Written for Daily Hive by Kim Werker, an American Canadian author living in Vancouver.
I moved to Vancouver from the US in 2002, and became a Canadian citizen this past July. I’ve described the timing of my becoming a dual citizen as being… intense.
Over the last year, as Donald Trump rose to power south of the border and hatefulness became more commonplace in political and social discourse, I’ve found myself to be, at times, almost maddeningly obsessed with figuring out my national identity.
I’m resigned, now, to relax into the confusion. But here are some things I think about.
As both a Canadian and an American, I’m concerned on a variety of levels as I look ahead to a Trump presidency. I feel a very deep concern about the health of American democracy, in general.
It feels like the shared values that the US is built on have been pushed aside in the interest of arguing over differing values, and the result is the election of a man who has shown no indication that he reveres the grand social institution of American democracy at all.
The US has certainly survived some terrible presidents in its history, but have any of those presidents not actually respected the office they held? I don’t think so.
‘Truly frightening’ displays of bigotry
The emboldened displays of bigotry that have become more prominent since the election (not only in the US, but here at home, too) are truly frightening.
I have, here in Vancouver in the last month, felt wholly shaken to witness antisemitism, homophobia, transphobia and sexism in my neighbourhood.
I’m under no illusion that the rise of Trump is unique to the US. Here in Canada, we have important work to do to ensure our country doesn’t slide into divisiveness and prejudice, too.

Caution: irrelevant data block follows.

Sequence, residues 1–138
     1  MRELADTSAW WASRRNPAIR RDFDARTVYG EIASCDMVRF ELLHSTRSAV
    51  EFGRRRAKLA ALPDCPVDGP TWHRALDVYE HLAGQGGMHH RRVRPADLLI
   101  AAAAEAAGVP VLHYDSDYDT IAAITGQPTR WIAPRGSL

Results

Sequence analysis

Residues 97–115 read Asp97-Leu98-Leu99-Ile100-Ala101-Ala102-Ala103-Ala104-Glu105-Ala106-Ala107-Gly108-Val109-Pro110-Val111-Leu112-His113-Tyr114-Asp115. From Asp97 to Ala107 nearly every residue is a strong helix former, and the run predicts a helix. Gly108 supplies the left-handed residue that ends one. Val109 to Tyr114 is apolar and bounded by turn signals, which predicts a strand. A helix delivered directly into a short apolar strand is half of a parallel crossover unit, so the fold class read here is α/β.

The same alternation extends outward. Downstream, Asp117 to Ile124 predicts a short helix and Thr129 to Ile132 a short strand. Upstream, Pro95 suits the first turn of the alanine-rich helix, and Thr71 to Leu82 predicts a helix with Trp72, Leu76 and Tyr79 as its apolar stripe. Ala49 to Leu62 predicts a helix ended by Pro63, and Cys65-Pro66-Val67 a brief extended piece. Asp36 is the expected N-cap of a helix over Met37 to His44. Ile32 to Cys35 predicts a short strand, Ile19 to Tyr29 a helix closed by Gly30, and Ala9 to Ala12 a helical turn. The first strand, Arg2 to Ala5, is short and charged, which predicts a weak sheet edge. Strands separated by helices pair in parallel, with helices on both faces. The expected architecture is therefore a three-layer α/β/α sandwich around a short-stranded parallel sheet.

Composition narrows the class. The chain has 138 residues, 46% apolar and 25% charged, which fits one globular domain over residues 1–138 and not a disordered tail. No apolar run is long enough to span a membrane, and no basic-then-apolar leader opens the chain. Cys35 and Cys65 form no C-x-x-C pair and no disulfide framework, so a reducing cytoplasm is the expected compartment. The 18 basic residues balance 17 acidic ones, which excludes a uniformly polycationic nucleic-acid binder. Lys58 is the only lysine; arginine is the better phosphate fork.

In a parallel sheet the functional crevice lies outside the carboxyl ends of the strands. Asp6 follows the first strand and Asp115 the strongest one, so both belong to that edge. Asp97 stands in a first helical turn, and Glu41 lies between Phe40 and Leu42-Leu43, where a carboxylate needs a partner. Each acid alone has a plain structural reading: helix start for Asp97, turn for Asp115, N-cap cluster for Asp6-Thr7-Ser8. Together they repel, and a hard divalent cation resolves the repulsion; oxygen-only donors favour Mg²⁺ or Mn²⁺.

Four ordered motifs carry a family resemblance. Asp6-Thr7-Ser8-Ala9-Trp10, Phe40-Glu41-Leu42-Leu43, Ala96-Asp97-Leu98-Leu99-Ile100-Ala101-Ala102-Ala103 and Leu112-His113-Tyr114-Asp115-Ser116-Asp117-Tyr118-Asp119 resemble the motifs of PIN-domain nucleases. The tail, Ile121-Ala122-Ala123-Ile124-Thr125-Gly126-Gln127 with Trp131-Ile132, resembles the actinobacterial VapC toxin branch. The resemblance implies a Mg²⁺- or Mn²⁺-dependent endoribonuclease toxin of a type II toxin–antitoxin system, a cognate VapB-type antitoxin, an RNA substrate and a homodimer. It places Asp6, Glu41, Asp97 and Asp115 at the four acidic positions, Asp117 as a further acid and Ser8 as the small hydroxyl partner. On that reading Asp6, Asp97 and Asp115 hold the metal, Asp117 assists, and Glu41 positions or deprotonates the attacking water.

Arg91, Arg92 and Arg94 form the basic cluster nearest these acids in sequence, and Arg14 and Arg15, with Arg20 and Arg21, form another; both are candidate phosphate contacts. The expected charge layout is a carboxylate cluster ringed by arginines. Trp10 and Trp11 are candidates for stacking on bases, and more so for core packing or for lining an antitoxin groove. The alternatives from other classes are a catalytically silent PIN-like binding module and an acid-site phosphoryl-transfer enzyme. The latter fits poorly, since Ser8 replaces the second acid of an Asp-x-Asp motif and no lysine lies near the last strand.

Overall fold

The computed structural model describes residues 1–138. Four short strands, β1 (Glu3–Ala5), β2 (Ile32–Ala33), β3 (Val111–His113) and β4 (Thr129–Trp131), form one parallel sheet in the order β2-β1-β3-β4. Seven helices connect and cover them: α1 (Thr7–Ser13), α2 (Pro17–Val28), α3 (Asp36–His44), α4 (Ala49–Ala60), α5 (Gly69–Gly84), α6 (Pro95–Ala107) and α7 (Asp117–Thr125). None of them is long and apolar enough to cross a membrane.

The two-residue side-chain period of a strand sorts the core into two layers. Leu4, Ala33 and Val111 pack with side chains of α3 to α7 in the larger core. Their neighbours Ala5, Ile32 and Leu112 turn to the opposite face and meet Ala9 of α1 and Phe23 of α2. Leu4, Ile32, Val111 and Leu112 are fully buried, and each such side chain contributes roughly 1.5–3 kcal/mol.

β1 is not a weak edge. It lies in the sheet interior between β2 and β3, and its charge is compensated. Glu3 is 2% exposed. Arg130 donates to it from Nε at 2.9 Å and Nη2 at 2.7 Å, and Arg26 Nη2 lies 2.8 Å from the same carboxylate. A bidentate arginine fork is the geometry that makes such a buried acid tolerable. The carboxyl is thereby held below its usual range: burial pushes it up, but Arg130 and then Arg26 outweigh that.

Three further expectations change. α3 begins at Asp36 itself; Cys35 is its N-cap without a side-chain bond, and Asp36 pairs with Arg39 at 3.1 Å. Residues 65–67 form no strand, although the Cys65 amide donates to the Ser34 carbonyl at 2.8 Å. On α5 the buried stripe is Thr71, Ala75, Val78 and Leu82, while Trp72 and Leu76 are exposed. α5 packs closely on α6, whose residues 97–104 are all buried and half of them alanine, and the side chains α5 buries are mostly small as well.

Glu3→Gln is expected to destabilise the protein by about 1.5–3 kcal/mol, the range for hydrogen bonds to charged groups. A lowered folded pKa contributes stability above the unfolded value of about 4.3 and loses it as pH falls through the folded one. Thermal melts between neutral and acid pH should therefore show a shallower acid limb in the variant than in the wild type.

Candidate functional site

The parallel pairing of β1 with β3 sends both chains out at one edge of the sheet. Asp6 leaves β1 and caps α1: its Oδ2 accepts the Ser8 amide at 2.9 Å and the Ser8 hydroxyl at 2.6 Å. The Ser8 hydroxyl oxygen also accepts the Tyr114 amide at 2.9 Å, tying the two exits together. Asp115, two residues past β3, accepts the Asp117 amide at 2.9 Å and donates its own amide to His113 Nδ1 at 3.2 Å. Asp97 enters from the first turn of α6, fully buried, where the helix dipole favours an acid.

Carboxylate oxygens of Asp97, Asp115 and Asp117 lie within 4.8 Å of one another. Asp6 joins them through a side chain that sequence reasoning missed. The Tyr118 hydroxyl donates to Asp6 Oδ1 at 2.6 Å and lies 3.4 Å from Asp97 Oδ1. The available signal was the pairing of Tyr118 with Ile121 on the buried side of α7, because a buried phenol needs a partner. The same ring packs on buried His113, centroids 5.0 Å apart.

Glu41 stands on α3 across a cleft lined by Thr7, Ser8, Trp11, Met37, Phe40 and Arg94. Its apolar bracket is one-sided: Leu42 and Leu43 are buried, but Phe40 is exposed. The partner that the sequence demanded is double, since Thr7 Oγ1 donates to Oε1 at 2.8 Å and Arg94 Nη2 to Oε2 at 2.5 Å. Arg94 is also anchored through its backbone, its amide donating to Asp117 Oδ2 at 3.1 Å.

On an even larger scale, I feel uneasy about the balance of world power I’ve taken for granted my whole life. Trump is not a unique leader. As more powerful countries are led by selfishly motivated protectionists who foment fear amongst their people, well. I shudder to think of the devastation that could result.
As a person who works in a creative field, I have many colleagues in the US who are panicking because they’ll lose their health insurance when the majority-Republican government repeals the Affordable Care Act. I’ve never taken for granted the role health care in Canada plays in my ability to be self-employed, and I wish my colleagues south of the border could rely on such stability.
‘Strange and difficult time to be an expat’
Very personally, I’m concerned for my family in the US. I’m concerned for their safety as Jews. I’m concerned for their continuing ability to afford health insurance. As a parent, I’m concerned about the future of public education (I’m concerned about the threatened state of public education here in BC, too).
I could go on about this forever, it seems. My general feeling, I suppose, is one of persistent unease. I no longer trust that the US is a stable force in the world.
My healthy imagination is all too good at coming up with dire consequences that could result from that instability. It’s hard to attend to my daily life sometimes, because I fear it could change at any moment. I’m a proud Canadian, but I’m also an American. I picked a very strange and difficult time to be an expat, that’s for sure.
In the end, I always come to the same conclusion: No matter what I feel about the present or imagine about the future, it’s up to me to show up, to stand up, to speak up. It’s up to each and every one of us.
Werker is among thousands of people planning to take part in the Women’s March in Vancouver this Saturday, in solidarity with the Women’ March in Washington. For more details, check our in depth article here: Women’s March in Vancouver.